On June 6, 2015, the U.S. Court of Appeals for the 7th Circuit affirmed the district court’s grant of summary judgment in favor of the defendant in a Title VII race discrimination case. Miller v. St. Joseph County, et al., No. 14-2989 (7th Cir. June 9, 2015). The plaintiff alleged that he was denied various promotions on account of his race, black. The 7th Circuit agreed with the district court that the plaintiff failed to present any evidence that the promotion denials had anything to do with his race. There was also no evidence that he would have gotten one of the promotions if he were white rather than black. Therefore, the 7th Circuit affirmed summary judgment. What is noteworthy about this opinion, though, is that the 7th Circuit announced a restatement of the method and burden of proof to defeat a motion for summary judgment in an employment discrimination case.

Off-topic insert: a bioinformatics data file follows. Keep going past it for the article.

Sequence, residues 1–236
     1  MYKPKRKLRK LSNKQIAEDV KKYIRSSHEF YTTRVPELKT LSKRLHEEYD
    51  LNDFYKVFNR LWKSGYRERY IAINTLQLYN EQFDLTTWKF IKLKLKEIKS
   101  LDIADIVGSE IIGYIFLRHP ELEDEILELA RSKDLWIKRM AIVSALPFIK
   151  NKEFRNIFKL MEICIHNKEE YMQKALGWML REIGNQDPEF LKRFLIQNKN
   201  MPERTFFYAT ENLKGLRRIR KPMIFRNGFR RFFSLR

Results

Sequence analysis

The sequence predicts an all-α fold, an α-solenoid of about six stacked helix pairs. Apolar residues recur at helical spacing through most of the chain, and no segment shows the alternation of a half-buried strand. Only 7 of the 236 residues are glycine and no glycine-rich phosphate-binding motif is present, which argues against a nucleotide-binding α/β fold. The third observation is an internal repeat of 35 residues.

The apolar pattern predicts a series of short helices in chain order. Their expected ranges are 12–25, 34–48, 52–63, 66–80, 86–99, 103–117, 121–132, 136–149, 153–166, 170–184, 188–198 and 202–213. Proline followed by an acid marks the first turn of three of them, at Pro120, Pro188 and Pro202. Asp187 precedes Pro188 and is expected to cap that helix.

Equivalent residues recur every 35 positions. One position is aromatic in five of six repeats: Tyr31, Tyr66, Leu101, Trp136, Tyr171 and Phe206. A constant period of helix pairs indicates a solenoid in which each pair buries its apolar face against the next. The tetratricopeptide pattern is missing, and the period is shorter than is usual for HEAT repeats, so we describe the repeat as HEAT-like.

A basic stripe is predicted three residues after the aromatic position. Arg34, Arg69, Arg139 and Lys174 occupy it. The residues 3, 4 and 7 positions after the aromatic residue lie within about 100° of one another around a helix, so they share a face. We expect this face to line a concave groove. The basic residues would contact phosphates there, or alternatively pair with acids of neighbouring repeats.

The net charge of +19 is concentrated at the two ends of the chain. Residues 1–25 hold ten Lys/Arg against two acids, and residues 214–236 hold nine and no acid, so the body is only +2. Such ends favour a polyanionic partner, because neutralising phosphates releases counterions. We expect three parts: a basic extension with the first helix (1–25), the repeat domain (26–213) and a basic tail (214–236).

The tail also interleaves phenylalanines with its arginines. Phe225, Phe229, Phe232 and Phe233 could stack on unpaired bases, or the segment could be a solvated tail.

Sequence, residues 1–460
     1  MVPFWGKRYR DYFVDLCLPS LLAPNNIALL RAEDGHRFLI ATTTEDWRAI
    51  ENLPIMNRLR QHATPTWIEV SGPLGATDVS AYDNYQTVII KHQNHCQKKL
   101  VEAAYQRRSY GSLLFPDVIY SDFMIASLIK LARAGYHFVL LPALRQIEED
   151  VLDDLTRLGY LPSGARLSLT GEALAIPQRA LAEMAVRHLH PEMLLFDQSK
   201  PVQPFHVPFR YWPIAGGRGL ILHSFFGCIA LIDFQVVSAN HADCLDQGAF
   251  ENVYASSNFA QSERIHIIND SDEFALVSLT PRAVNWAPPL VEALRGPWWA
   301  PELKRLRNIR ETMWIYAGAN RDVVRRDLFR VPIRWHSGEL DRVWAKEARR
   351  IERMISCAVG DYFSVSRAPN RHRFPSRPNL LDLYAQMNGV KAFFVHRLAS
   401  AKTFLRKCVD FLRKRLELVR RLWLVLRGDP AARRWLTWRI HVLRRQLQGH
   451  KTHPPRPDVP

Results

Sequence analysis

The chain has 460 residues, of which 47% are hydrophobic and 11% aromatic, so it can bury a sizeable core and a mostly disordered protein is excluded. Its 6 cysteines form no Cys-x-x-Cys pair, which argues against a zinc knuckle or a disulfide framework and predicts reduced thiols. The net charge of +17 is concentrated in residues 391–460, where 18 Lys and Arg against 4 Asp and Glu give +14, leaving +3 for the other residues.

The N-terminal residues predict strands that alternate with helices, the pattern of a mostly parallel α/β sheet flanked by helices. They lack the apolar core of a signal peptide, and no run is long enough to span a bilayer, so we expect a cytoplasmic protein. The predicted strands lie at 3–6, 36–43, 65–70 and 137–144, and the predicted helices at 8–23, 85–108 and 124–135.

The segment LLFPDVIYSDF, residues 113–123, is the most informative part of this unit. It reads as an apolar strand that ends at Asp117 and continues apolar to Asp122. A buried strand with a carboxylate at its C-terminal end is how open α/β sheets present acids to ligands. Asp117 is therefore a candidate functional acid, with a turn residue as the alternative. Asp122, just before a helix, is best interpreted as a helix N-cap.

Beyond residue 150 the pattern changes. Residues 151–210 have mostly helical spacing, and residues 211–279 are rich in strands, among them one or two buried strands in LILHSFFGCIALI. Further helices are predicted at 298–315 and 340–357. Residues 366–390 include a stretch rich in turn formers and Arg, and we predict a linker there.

The 7th Circuit stated that instead of the traditional direct and indirect methods of proof, with their “cumbersome tests,” a new standard should be substituted. In order to defeat a motion for summary judgment, the plaintiff “one way or the other” must present evidence showing that he or she is in a protected class, suffered adverse employment action, and that a rational jury could conclude that the employer took the adverse job action on account of his or her protected class, and not for any non-invidious reason. The 7th Circuit clarified that its restatement does not do away with McDonnell Douglass Corp. v. Green, 411 U.S. 792 (1973). Employment discrimination may still be established by making out a prima facie case to which the employer offers no rebuttal. If the employee establishes a prima facie case of unlawful employment discrimination, then the burden shifts to the employer to articulate a legitimate, nondiscriminatory reason for the adverse employment action. If the employer does so, then the burden of proof shifts to the employee to establish that the employer’s proffered reason for its adverse employment action is pretext to mask intentional discrimination.